1. Pre-Judging Attendees in Your Seminar

Many of the people that attend your seminars will be dressed comfortably in jeans and a t-shirt, worn-down sneakers, jacket that’s seen better days and a baseball cap that is missing more material than is left to hold it together. Underneath those comfortable clothes are your future clients. It is easy to take a look at someone dressed casually verses someone that is dressed in business attire and decides that of the two; the better-dressed person will be the one that you land as a client. Subconsciously or intentionally, you rationalize that the better-dressed of the two is the only one that will have assets.

That line of thinking will cause you to limit your time to just a couple of audience members. You will be missing out on a huge opportunity with the rest of your audience that do have assets to invest and are looking to work with someone just like you. Do not pre-judge anyone in your audience and you will avoid losing your opportunity with them because you assume they have no assets due to how they are dressed.

I have met several doctors, prominent business owners and attorneys in the audiences that I present seminars to that are dressed like they just stepped out of a Sear’s catalogue…from 1987. In fact, one of the best clients that I was able to help one of our agent’s land, was a doctor who had just finished doing yard work and had no time to change before attending our seminar.

2. Your Audience Does Not Owe You a Thing

Our sales force is very passionate when it comes to their thoughts on seminars. There is no gray area, either you love them or you hate them. In exploring the reasons that many men and women we work with hate them, they reveal horror stories of poor turn-out and the fact that they were not able to turn a profit and that they flat-out do not work. What you need to never lose sight of is the fact that the people that attend your seminars do not owe you a thing. You need to create a value-proposition by capturing the hearts and minds of your audience. Unless they see their lives being more than what they were before your seminar, they will not book an appointment with you.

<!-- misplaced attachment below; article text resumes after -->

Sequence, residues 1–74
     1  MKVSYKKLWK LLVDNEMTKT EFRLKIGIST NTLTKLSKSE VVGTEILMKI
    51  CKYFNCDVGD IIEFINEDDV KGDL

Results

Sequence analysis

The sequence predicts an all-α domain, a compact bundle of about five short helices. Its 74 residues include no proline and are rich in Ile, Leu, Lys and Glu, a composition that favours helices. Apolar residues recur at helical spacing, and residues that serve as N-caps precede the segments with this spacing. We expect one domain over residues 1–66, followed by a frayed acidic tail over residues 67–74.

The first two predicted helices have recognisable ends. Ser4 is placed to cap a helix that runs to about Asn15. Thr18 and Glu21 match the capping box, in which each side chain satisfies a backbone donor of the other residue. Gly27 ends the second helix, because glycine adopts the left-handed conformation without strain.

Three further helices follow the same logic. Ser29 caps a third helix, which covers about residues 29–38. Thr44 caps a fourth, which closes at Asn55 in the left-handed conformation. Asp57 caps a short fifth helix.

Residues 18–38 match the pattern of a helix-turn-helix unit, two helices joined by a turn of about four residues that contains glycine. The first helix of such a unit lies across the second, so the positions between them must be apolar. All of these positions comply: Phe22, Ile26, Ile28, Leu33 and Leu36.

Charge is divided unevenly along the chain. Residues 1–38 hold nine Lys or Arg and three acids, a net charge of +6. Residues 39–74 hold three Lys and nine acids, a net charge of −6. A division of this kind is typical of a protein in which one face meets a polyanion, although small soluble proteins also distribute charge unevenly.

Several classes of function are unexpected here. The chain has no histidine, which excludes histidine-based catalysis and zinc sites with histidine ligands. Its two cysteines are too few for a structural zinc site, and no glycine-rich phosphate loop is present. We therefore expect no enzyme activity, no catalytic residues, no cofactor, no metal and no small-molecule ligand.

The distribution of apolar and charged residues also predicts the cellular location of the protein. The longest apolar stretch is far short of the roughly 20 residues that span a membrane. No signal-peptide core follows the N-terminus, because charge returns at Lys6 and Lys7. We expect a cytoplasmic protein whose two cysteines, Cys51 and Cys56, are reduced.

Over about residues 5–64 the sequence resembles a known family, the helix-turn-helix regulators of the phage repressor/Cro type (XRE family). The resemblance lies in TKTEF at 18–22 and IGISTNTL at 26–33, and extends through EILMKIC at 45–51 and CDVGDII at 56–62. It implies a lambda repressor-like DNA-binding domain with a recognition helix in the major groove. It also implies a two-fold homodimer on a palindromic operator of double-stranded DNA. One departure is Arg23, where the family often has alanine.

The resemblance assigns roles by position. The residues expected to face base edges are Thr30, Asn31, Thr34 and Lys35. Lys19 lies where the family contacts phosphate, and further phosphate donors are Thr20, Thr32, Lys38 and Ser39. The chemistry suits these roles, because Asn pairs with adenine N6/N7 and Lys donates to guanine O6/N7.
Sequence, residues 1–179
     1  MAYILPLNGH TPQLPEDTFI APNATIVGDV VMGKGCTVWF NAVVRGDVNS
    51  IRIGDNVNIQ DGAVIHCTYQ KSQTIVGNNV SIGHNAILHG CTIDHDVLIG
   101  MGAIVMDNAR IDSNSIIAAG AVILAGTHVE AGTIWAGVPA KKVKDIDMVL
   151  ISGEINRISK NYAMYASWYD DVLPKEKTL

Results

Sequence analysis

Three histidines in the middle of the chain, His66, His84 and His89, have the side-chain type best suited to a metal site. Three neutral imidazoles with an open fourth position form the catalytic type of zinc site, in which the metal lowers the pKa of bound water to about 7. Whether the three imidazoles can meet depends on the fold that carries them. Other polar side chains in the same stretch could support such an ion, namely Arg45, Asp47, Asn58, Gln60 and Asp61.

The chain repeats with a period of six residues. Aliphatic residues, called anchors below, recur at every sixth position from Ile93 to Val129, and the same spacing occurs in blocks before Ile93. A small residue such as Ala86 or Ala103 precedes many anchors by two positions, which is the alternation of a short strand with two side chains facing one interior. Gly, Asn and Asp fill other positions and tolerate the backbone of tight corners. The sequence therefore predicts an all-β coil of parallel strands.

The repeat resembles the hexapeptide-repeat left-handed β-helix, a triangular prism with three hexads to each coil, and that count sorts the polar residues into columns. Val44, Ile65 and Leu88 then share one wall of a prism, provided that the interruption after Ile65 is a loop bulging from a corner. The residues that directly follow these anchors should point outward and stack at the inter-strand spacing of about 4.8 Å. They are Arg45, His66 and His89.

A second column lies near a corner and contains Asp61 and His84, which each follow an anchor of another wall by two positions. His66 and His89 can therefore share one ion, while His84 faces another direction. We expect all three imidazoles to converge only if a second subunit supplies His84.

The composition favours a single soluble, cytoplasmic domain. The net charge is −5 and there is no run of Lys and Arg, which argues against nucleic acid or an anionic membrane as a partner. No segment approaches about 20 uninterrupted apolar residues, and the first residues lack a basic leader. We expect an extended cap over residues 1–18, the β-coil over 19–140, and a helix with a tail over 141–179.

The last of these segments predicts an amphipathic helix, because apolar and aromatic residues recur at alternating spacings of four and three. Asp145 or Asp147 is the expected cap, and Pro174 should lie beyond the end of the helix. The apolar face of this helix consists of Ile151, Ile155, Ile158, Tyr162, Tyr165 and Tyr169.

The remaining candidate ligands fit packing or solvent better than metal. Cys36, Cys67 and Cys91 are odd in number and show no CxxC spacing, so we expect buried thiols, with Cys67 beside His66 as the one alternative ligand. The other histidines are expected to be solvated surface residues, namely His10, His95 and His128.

There are so many variables that you cannot control that will impact the success of your seminars; weather, the number of other seminars that are taking place in the weeks leading up to, during and after your seminar; and how strong of a closer you are. Most agents can close about 15% of their appointments while the members of MDRT can close 30%. Often times, the men and women in our business who try seminars one time, the seminars did not provide them with the magic bullet they were expecting and never explore the power of seminars again. Karlan Tucker has built his personal practice, his in-house sales’ teams’ practice and his FMO on a foundation of capitalizing on the success of his seminars. We also run into variables that are out of our control, the same way that you do but that should never cause you to think that seminars are not effectively one of the most viable, lucrative ,profit-margin-rich means of acquiring new clients available to all of us.

Control everything that you can and realize that weather and what your competitors are doing are generally beyond your control. You must understand that people who attend your seminars are indifferent to you and that it falls entirely on you to make them want to learn more about what you can do to make their lives better. Ultimately, you must continually sharpen your sales skills so that after you have won them over, you can and will close them.

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